Sunday, 11 November 2012

Meritocracy Versus Democracy
10 Nov 2012
An interesting piece by a good apologist for the Chinese system, one well-versed in English rhetoric.
 Of course the dichotomy is false: we both have meritocracies, merely selected by different folks on different criteria.  In China, bosses pick who was the best at running things while towing the party line.   
             In America, political activists pick who they think is best at winning elections.

Problems?  China will be run by the Peter-principled: a group of guys who were good at their last job.
                  America will be run by the slick and plausible fund-raisers

It may never happen, but hybridization would be fun to see: 
A China where the party puts up two and everyone votes on which.
   (including letting them turf out the incumbent)
An America where one must have been a state governor before running for president. 
   (Or where congressional candidates have to pass the civil service exam.)

The Elections, Gridlock and Foreign Policy 
 November 7, 2012 | 1000 GMT
I would add one impetus to America’s overseas strategy: since 9/11 it has been dictated not only by events, but by opinion polls.  Bush and Obama intervened where they thought public opinion wanted them to, and they did so with inadequate forces because they feared that public opinion would not go with them if they asked for enough manpower and money to do the job properly.

One of my friends thinks Boris Johnson (Tory clown and current Mayor of London) might not make such a bad Prime Minister for the UK because he is an idle sod, and nothing is better for the country than an idle politician.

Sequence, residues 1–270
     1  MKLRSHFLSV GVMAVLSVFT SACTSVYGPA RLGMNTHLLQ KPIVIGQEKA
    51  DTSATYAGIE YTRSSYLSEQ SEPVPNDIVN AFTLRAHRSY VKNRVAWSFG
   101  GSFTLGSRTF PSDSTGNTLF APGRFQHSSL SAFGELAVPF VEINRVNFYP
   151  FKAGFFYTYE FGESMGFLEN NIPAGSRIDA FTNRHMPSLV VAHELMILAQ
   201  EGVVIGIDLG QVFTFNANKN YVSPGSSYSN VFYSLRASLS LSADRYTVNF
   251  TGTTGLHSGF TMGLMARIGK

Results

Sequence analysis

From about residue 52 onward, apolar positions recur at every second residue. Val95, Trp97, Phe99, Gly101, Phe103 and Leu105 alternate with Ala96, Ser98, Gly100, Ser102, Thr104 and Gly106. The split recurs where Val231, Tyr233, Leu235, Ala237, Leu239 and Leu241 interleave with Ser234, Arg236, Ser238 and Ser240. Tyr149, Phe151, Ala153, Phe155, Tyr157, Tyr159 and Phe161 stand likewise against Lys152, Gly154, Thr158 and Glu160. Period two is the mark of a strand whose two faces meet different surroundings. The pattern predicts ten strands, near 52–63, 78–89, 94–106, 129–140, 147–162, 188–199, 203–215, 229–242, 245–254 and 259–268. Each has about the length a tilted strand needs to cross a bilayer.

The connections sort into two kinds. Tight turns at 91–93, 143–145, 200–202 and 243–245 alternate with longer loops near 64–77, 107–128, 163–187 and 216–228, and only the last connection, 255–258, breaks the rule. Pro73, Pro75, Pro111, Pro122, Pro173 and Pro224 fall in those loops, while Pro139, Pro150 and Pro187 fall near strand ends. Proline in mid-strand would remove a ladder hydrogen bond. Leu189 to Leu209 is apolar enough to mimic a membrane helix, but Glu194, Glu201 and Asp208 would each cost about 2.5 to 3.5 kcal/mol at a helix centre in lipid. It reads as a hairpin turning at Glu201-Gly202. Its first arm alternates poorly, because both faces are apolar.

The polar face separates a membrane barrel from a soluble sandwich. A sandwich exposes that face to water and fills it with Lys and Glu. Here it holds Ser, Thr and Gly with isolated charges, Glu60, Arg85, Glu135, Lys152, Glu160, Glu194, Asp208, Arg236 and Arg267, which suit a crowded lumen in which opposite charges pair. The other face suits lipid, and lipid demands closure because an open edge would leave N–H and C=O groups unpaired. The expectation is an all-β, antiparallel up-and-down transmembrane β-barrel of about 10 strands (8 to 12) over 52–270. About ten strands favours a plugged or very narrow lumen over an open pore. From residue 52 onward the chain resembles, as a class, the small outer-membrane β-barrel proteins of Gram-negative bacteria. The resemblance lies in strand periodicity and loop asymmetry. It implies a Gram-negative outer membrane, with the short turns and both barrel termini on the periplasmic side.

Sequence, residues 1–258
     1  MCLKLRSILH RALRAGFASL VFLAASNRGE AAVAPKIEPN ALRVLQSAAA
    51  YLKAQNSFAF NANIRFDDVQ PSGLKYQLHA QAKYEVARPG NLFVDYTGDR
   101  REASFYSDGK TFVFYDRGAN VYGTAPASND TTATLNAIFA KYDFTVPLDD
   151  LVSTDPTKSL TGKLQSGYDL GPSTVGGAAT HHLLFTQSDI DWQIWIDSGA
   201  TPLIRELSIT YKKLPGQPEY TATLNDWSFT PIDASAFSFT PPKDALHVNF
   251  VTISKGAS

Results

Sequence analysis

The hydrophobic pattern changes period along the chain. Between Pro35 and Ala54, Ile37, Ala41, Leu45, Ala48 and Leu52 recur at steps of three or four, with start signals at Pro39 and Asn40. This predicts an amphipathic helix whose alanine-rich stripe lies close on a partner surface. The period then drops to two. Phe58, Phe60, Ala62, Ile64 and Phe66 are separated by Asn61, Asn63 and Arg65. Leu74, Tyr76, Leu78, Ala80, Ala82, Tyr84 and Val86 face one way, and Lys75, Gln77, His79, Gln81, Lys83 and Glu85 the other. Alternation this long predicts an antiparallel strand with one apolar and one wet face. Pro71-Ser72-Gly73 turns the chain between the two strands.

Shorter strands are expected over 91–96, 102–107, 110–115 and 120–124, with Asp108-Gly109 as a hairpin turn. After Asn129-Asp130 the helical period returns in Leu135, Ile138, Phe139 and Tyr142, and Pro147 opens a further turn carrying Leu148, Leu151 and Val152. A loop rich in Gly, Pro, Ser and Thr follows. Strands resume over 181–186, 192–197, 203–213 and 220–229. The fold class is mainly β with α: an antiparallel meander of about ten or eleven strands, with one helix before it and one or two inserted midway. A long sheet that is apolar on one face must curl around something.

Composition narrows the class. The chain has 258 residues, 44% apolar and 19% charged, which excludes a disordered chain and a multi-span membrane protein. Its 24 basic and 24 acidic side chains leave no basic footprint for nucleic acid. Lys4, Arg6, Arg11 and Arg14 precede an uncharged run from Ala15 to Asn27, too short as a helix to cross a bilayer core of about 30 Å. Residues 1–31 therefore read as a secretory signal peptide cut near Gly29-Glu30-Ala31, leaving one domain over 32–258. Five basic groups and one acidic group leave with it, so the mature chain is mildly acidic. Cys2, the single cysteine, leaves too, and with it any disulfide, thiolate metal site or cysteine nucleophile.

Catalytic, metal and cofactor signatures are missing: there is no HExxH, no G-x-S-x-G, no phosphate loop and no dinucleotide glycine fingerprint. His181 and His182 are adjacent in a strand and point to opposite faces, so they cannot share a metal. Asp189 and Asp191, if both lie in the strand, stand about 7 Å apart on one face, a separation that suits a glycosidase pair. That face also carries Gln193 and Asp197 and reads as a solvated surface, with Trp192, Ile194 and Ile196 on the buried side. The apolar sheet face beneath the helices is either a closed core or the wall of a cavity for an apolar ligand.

Still, I worry that the American impasse we have created (or maintained, if you will) could stuff us badly when strong action is really needed – e.g the approaching fiscal cliff.  It may be we will muddle through that as well, but perhaps at a cost higher than it would have been under decisive leadership.

Finally, I despair of any President or any American government coming up with a clear, well-thought-out strategy, given that they have only 2.5 to 3 years before the next election consumes all attention.   During the British Empire that Mr Friedman praises, governments came and went, but election campaigns were 60 days from start to finish and the sovereign remained the same.   That gave a chance for a longer view to form and prevail.


Victory of the Demagogue By Hyatt Seligman
American Thinker, 7 Nov 2012
"Kill your opponent by character assassination and promise freebies to your base."
That also sounds like a pretty good description of the Romney campaign against Obama. Both sides seem to concentrate less on what they stood for and more on who they were running against. Both sides promised freebees to their bases: federal spending programs for the Dumbocrats, tax cuts and defense spending for the Retroblicans.
If conservatives had taken 1/5th of the time, money and effort that was spent on demonising Obama and put it on getting the converted to the polls, the result would have been different.

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